Monday, March 08, 2010

The Danger of Missing Mark 4:1-20

[These thoughts follow a sermon preached at Gray Road Baptist Church called 'Different Responses to the Same Jesus'. Click on the title to get the audio of this message.]

The parable of the soils in Mark 4:1-20 exposes an important truth for all of us who are concerned to spread the gospel. Specifically, Jesus teaches that there will be different responses to the same gospel. Far from discouraging gospel ministry, it should encourage it. In this parable, the reason that 3 out of 4 soils do not produce the desired grain is because of the soil in which the grain lands. Likewise, the reason that fruitfulness in evangelism wavers is because of the hearts of the hearers of the gospel. In this parable, the sower of the word is constant, and the word is constant. The difference lies in the hearts of the hearers.

One implication of this truth is that while sowers of the word should avoid discouragement if the work is hard and the fruit seems sparse, the sowers of the word should also not grow proud when the harvest is great. Why? Because it is God who gives the growth (1 Corinthians 3:7). The question that lies before us today is this: what is the danger in not understanding and embracing this truth? I think looking at this first letter to the Corinthians can help answer that question.

Apparently, those in the Corinthian church had been converted under the ministry of either Paul, Apollos, or Peter (i.e.- Cephas). As is natural, each Christian had an affinity for the man who taught them the gospel and whom God had used to bring them to a saving knowledge of Jesus Christ. However, this affinity had apparently gone too turned into loyalty...divisive loyalty. Thus, some were claiming to "follow Paul," "follow Apollos," or "follow Cephas." In other words, the congregation was divided. Paul doesn't want this to be the case, but it's been reported that it's happening all the same (1 Cor. 1:10-11).

Paul comes back to this division in chapter 3, and he wants to make something very clear. The division of loyalties to various leaders is based on bad theology. Wait a second! What? Where do you find that? How did theology get into this concern over a divided church? These are great questions. Here's what 1 Cor. 3:5-7 says: "What then is Apollos? What is Paul? Servants through whom you believed, as the Lord assigned to each. I planted, Apollos watered, but God gave the growth. So neither he who plants nor he who waters is anything, but only God who gives the growth."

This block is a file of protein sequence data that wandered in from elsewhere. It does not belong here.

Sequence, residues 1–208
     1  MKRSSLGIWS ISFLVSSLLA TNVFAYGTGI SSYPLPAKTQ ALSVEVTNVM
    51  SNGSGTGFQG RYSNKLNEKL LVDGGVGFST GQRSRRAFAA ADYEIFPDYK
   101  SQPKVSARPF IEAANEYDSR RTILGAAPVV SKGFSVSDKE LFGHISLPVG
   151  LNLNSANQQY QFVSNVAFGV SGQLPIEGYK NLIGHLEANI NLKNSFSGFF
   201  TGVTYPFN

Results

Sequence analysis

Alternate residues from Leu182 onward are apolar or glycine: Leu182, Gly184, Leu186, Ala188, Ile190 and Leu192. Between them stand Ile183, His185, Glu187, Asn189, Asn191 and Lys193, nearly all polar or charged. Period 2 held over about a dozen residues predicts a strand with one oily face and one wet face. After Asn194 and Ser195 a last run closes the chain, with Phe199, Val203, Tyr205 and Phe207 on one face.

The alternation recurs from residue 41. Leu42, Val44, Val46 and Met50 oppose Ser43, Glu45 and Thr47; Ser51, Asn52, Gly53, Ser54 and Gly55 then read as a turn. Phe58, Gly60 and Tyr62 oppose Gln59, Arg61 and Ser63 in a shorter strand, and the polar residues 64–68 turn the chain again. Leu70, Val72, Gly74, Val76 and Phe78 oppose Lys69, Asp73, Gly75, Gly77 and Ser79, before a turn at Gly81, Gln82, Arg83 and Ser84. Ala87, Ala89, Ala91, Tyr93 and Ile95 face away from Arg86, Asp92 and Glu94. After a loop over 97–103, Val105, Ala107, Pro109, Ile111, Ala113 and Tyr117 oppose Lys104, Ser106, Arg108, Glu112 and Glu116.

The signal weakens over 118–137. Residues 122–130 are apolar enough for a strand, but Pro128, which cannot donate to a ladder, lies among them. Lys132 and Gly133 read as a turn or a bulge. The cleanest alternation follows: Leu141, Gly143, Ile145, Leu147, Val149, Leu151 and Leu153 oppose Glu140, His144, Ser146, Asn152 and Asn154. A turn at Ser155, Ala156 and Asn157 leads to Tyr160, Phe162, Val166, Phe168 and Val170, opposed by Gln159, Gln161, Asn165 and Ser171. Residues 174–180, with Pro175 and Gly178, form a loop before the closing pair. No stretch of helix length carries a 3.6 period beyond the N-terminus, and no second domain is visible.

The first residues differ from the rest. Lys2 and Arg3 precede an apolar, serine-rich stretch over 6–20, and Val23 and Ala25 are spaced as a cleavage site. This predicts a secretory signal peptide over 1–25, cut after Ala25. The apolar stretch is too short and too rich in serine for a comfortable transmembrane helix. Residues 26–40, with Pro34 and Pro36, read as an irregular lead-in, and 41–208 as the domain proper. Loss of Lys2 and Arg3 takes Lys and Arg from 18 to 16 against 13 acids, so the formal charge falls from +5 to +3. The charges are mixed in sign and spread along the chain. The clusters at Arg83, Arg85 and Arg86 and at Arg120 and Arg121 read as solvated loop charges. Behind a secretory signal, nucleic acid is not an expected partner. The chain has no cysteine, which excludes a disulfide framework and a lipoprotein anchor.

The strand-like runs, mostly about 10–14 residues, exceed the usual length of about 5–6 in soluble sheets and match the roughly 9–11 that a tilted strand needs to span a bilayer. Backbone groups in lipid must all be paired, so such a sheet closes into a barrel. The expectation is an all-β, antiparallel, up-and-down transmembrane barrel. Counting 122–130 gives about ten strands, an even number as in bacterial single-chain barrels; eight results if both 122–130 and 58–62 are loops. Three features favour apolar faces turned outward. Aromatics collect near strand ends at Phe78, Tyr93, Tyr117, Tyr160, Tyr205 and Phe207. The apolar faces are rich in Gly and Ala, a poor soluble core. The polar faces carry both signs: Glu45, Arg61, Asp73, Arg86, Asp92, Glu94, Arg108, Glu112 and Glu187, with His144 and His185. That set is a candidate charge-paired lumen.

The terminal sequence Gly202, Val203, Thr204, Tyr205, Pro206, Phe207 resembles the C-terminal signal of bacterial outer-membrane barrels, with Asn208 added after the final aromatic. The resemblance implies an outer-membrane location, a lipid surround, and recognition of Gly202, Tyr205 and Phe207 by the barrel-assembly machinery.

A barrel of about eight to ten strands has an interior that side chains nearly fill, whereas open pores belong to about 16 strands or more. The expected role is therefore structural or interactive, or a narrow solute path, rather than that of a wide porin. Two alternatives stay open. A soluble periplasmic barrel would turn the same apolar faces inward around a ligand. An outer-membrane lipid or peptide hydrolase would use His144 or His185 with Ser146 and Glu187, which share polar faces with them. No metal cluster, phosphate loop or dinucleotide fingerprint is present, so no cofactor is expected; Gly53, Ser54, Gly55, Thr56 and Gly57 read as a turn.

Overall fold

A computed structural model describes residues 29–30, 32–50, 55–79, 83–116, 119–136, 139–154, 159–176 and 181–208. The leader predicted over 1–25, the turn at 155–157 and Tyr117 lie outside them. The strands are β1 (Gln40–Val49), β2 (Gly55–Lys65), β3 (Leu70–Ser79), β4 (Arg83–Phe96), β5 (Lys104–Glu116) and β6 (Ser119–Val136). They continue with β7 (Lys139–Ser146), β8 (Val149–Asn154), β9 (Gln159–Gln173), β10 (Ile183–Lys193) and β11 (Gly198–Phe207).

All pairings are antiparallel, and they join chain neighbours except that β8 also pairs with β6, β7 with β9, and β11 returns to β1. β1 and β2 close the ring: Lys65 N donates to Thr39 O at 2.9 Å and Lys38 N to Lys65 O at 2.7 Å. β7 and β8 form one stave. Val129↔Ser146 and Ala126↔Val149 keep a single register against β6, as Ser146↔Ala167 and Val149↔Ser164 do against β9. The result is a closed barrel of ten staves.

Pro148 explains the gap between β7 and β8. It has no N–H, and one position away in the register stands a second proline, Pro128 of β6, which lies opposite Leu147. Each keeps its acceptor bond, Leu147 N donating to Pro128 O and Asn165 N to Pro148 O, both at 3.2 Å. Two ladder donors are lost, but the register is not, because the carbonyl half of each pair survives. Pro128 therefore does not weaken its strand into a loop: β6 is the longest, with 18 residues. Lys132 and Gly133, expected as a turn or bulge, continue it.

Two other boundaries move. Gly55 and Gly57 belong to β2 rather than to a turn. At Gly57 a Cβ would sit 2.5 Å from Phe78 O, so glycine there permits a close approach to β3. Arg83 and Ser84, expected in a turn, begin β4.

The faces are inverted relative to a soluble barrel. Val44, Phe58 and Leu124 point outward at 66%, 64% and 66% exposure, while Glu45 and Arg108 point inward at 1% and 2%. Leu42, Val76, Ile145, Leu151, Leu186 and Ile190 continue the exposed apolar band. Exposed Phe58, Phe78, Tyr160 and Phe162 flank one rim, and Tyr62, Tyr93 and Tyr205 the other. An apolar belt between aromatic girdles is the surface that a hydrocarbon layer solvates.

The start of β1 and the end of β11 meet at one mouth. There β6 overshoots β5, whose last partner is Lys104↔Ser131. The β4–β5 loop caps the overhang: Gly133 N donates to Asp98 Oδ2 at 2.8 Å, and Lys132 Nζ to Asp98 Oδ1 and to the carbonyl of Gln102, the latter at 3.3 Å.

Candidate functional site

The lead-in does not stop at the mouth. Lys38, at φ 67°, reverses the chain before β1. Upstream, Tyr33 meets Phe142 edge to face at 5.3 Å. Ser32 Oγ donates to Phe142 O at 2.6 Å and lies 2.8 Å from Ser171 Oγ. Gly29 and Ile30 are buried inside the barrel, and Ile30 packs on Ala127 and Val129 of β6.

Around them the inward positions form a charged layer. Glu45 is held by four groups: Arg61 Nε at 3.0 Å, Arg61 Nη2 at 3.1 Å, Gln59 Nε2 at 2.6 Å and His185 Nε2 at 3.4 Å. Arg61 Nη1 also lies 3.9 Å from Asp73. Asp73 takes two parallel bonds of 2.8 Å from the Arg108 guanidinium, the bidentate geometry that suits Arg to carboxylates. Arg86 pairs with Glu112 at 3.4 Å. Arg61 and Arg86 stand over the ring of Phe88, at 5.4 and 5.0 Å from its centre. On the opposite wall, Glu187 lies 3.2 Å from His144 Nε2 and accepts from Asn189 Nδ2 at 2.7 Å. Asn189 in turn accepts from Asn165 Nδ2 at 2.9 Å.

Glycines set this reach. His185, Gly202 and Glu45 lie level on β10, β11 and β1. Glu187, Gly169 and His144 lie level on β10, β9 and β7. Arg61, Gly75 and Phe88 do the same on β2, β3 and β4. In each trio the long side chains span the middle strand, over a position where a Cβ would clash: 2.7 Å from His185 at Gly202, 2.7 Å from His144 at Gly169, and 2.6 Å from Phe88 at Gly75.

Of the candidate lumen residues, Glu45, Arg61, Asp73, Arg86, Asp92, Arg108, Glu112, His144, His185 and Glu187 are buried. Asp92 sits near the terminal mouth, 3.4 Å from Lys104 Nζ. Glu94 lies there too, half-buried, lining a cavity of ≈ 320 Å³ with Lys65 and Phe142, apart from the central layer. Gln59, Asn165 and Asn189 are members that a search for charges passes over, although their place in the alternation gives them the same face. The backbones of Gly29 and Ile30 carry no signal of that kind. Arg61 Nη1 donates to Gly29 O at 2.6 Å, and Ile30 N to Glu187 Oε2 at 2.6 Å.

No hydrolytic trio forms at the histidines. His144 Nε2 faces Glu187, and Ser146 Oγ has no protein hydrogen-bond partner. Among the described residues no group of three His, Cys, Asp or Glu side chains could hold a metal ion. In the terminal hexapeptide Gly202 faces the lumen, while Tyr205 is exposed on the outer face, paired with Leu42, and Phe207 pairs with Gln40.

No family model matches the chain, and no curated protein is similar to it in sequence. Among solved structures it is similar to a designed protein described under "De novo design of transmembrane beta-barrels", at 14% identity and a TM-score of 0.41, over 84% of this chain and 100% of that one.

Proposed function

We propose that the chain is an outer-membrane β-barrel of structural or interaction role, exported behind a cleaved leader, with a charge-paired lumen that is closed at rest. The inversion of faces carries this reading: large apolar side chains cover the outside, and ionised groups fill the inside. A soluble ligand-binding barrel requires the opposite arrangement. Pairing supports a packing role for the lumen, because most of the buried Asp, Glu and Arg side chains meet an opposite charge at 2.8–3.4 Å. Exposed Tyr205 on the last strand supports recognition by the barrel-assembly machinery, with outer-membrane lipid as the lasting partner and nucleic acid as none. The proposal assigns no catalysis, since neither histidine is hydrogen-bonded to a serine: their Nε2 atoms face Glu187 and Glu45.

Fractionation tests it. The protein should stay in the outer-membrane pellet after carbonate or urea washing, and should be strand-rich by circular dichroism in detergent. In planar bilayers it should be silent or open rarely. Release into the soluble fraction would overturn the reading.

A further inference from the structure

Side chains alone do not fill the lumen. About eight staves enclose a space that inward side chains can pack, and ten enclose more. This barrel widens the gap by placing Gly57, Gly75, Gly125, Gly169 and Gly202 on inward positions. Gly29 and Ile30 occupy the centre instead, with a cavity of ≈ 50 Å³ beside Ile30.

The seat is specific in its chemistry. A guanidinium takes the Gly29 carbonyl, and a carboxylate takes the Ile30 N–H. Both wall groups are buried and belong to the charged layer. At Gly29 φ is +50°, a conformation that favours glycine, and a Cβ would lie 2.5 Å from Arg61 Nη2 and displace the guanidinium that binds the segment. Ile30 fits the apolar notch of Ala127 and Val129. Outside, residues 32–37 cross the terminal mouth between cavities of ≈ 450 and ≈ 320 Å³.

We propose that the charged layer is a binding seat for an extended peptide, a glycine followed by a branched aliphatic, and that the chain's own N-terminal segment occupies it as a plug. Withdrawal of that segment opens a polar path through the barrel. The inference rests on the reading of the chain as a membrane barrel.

Now, do you see the bad theology? These various factions in the Corinthian church were giving glory where it was not deserved. They were exalting Paul and Apollos and Cephas to a god-like status because, in their minds, it was their individual ministries that brought conversions. Paul sets the record straight with two phrases: "the Lord assigned to each" and "God gave the growth" (2x). In other words, there was evangelistic fruit in Paul's ministry because the Lord assigned fruit to his ministry. There was evangelistic fruit in Apollos' ministry because the Lord assigned fruit to his ministry. The reason there was evangelistic fruit at all is because God gave the growth.

So, Mark 4:1-20 reminds us that there will be varying responses to the same gospel because the hearts of those hearing will vary. The danger of missing this point is that it can bring division because of an unhealthy means of evaluating the faithfulness of a servant of God (e.g.- "he doesn't measure up to another man"). Let me finish with an example from my own life. Then, having considered the teaching of Mark 4 and 1 Corinthians 3, think about the questions with which I will close.

I once served on a church staff in Florida. Each week before staff meetings, we had to fill out a contact sheet. This contact sheet recorded the number of hospital visits, home visits, phone calls, and evangelistic opportunities we had in the previous week. If someone professed faith in Christ as a result of that evangelistic opportunity, then those contacts were highlighted. At the end of a random month, our senior pastor took all the sheets from the month and evaluated them. He had gone out the night before and purchased a $50 gift certificate to Outback Steakhouse, and after looking at all the sheets, he gave the certificate to the man who had the most evangelistic fruit in that given wasn't me.

For the purpose of this exercise, we'll assume that all the professions of faith were genuine. Now, think about these questions:
1. Was I more faithful or less faithful than the one who had more visible, immediate results? If you think I was more faithful, how did you come to that conclusion? If you believe I was less faithful, how did you come to that conclusion?
2. Is there a better way to measure faithfulness in evangelistic ministry? If so, what would it be?
3. Does giving a gift certificate for evangelistic fruit contribute to clarity or confusion about who's responsible for the conversion of a soul? How?
4. In this story, who gets the glory?

I hope you will take time to solemnly consider these issues. Then, my prayer is that you and I will take seriously the call to be sowers of the word...and take seriously our dependence on God to give the growth.